Serotonin is a neurotransmitter best known for its influence on depression and sexual function. But it also plays less famous roles: serotonin-releasing neurons in the brain stem regulate our body temperature and how we breathe. Henry Krous, a professor of pathology and pediatrics at the University of California, San Diego, and his colleagues have found that a failure of this system may be responsible for sudden infant death syndrome, or SIDS.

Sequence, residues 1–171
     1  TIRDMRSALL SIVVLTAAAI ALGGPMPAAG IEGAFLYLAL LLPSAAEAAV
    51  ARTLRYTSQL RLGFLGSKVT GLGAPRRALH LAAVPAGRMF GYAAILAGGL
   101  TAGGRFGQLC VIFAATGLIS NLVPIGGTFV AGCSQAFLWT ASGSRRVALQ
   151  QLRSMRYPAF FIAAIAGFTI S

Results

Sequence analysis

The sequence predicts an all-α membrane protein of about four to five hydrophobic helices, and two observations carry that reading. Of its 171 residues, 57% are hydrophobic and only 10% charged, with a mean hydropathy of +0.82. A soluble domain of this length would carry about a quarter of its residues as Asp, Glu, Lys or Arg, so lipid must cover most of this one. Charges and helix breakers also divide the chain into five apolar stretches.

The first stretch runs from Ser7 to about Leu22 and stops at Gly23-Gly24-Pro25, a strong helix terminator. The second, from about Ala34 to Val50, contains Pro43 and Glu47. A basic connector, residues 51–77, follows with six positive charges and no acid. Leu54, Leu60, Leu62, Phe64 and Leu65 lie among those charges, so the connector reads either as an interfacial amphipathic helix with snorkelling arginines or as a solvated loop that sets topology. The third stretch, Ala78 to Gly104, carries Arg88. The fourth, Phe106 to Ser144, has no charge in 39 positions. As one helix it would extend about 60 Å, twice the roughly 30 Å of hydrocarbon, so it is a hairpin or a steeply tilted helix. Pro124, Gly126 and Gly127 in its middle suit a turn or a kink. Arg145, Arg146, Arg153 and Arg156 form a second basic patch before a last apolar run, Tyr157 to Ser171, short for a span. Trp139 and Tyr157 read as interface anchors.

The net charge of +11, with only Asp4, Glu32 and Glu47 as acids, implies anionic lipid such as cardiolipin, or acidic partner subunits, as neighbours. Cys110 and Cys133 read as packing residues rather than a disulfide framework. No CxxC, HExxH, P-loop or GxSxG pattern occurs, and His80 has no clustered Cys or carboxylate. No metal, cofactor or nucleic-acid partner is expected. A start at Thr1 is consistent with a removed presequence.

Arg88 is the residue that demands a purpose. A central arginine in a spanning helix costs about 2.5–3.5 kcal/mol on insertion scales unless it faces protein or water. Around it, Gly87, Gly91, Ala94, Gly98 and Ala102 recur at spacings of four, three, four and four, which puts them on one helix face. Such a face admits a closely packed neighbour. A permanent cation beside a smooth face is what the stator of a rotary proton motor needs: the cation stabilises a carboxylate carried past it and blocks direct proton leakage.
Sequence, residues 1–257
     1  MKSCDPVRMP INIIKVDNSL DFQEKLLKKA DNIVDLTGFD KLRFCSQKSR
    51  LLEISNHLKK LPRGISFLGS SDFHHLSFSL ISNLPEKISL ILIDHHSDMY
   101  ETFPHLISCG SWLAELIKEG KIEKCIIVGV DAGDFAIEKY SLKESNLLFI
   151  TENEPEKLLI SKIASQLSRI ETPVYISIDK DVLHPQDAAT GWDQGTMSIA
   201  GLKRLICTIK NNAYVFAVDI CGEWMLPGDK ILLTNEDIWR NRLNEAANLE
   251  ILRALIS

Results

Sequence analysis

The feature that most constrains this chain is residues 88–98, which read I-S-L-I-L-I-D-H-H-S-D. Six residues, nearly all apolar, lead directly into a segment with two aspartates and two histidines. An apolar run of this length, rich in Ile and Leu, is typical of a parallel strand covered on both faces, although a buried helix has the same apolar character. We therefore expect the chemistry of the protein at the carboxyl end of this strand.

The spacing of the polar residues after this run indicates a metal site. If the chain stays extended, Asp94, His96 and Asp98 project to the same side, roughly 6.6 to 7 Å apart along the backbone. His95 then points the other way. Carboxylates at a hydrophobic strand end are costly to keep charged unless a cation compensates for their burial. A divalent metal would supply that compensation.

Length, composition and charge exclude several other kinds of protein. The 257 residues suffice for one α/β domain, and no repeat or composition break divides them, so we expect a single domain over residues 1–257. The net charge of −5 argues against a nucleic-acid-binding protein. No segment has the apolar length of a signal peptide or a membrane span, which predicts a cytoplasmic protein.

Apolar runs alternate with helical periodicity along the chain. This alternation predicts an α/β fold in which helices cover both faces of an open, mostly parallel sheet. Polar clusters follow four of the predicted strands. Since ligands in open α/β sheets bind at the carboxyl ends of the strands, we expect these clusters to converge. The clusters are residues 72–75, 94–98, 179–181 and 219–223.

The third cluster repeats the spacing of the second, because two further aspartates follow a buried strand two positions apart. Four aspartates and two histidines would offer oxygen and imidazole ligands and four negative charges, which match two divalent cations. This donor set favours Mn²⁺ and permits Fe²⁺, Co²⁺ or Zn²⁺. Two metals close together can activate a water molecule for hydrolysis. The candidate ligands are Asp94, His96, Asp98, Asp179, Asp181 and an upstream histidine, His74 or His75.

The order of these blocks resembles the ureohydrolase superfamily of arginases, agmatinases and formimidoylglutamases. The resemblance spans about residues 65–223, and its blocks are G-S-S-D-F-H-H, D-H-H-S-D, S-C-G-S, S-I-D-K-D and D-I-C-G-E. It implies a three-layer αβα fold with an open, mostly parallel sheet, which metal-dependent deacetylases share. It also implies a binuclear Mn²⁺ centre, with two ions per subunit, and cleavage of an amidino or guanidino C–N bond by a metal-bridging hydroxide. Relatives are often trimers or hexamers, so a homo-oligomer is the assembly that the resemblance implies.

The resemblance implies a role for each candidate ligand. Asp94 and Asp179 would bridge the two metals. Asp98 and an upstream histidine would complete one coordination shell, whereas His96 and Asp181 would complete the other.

SIDS is diagnosed when a sleeping baby dies without obvious cause. An infant who is sleeping face down or who is too warm is more likely to die of SIDS. But this new research suggests some babies may be particularly at risk.